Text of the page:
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You think this situation is terrifying? Wait until Iran goes nuclear

Billboard in central Tehran depicting named Iranian ballistic missiles in service. (AFP)
Billboard in central Tehran depicting named Iranian ballistic missiles in service. (AFP)
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22 Apr 2024 03:04:31 GMT9
22 Apr 2024 03:04:31 GMT9

While the tit-for-tat exchange between Israel and Iran has fundamentally altered strategic calculations about regional security, it is just starting to dawn on the world how much more dangerous the situation would be if both sides possessed nuclear weapons.

Israel’s strike at Isfahan, in the vicinity of several nuclear facilities, was a warning shot, while Revolutionary Guards commander Ahmad Haqtalab threatened to attack Israeli nuclear sites if Iranian installations were targeted. Haqtalab warned of Iran’s readiness to revise its doctrine on developing its own nuclear weapons, fueling concerns that Tehran could embark on a final rush toward acquiring these capabilities.

International Atomic Energy Agency inspectors report “frenzied activity” at Iran’s Fordow nuclear site, including newly installed equipment, enrichment of uranium with ever greater rapidity, and expansion projects for doubling the plant’s output and scaling up uranium production just a “flip of a switch” from weapons grade. Iran’s larger Natanz plant is also vigorously churning out highly enriched uranium. Iran is building additional infrastructure so deep into the Natanz mountainside that there are doubts that any kind of US or Israeli strike could touch nuclear activities there.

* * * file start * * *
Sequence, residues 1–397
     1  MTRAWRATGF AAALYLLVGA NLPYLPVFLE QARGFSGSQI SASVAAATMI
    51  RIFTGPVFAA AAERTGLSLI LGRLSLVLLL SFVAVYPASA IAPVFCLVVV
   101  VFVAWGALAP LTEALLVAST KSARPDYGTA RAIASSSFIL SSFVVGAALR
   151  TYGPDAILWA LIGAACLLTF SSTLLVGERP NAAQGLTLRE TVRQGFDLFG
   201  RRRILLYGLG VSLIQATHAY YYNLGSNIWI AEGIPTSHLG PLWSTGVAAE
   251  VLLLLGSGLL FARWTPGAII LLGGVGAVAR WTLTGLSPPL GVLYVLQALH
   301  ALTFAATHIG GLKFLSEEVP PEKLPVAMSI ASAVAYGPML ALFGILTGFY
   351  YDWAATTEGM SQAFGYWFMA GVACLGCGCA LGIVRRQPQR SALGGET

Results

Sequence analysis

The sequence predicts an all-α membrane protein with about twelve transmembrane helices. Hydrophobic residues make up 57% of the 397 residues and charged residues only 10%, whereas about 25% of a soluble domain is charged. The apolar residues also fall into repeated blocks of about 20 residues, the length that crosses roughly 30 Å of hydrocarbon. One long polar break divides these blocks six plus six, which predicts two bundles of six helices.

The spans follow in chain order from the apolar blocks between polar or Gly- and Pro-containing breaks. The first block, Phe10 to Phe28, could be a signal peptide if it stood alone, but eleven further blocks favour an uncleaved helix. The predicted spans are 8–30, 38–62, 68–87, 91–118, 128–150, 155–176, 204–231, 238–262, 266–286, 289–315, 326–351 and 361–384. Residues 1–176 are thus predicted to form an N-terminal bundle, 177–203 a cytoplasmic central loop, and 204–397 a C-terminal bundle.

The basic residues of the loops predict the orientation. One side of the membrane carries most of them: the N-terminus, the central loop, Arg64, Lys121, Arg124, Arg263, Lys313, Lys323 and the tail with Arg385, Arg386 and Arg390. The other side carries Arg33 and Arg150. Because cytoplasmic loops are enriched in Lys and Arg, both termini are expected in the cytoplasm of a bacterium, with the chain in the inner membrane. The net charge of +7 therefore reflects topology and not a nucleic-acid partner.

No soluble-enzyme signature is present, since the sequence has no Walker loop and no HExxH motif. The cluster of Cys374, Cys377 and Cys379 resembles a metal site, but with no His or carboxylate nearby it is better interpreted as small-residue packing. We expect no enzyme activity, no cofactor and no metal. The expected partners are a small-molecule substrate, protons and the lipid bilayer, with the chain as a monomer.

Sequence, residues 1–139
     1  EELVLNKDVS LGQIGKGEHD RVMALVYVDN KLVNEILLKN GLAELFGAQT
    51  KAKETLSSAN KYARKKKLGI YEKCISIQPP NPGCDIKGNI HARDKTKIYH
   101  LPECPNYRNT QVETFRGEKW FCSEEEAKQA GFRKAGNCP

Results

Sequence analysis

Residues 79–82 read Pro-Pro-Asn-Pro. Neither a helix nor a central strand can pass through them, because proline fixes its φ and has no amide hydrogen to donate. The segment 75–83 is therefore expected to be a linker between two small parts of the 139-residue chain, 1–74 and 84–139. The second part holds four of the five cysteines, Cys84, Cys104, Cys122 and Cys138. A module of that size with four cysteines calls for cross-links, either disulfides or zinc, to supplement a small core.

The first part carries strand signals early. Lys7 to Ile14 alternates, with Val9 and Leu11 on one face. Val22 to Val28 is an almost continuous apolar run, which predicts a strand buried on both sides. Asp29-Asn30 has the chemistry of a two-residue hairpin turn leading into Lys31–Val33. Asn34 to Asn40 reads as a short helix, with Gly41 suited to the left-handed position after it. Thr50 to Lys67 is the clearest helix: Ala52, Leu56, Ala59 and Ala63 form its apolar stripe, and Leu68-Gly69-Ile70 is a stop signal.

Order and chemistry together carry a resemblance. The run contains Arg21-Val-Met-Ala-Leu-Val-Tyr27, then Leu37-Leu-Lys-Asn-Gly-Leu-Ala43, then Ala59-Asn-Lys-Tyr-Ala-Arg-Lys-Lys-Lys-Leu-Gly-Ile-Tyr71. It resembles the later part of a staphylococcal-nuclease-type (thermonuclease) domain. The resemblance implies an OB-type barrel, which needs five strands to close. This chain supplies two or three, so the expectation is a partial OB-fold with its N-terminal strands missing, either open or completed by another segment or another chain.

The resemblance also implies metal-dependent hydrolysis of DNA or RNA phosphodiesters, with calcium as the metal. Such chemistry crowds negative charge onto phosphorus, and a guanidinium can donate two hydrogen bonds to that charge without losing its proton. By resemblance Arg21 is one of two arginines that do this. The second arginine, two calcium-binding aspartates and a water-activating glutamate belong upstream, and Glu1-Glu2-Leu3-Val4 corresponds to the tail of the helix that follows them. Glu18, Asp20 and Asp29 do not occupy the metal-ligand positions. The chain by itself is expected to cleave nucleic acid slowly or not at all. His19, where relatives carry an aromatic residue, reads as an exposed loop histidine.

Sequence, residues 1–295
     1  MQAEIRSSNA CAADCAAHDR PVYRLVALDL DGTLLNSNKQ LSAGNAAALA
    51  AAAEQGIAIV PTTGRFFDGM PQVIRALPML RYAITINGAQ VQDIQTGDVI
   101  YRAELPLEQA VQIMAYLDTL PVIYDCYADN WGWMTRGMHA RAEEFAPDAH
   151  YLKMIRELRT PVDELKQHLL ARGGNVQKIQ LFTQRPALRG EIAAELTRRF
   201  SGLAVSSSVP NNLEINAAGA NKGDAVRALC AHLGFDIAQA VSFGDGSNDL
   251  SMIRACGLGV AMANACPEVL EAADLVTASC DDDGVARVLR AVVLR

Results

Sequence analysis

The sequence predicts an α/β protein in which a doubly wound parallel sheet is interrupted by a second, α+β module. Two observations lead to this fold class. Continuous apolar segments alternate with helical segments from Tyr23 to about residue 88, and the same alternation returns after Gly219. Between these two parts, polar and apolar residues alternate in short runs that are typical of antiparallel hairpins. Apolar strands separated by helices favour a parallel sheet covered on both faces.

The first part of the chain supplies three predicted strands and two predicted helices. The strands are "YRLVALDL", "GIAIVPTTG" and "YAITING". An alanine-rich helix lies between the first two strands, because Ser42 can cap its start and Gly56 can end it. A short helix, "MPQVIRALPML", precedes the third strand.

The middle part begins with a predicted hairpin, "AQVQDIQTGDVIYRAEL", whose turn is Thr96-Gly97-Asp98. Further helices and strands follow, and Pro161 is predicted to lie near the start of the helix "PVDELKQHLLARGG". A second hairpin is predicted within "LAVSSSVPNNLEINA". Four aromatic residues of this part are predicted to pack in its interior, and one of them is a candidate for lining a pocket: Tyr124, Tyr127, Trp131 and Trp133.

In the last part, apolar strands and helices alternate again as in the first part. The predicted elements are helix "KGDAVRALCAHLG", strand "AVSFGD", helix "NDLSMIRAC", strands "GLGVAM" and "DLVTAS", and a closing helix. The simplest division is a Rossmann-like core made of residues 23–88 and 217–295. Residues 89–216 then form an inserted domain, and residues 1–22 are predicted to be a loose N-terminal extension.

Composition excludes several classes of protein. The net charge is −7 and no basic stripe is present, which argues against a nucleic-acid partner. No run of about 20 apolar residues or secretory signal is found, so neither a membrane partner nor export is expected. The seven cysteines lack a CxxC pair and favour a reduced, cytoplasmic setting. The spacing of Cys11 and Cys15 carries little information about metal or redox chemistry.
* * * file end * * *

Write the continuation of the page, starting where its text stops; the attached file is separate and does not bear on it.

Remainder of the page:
Experts warn that Iran requires just a few days to upgrade sufficient uranium for three bombs. Manufacture of a crude nuclear device would take about six months, while building a missile-delivered nuclear warhead may require a couple of years, assuming Tehran hasn’t clandestinely developed these capabilities already. Documents stolen in a 2018 Israeli raid indicate years of extensive research into the full spectrum of capabilities necessary for engineering nuclear armageddon.

Iran’s top nuclear official, Mohammad Eslami, appeared to boast in January that Iran had arrived at military breakout threshold, crowing that “deterrence has been achieved.” IAEA director-general Rafael Mariano Grossi condemned this “loose talk” about possessing nuclear weapons, while warning of a domino effect as other regional states raced to acquire their own nuclear capacities.

I recall participating in the 2009 Doha Debate, arguing against those making the case that Iran could be trusted not to build a nuclear bomb. Iran’s apologists, including supposed experts and academics, took the view that Ayatollah Ali Khamenei had declared nuclear weapons to be un-Islamic, while asserting a God-given right to enrich uranium. I argued the case for a region wholly free of weapons of mass destruction, although I would go further in advocating comprehensive global nuclear disarmament. Since 2022 this existential threat has been further highlighted by the casual manner in which Vladimir Putin’s regime repeatedly expressed its readiness to resort to these horrific weapons whenever it came under pressure over Ukraine.

For many years posturing world leaders declared that Iran would not be allowed to continue enriching uranium to 5 percent. Then it was 20 percent. Now the nuclear clock is ticking inexorably toward midnight.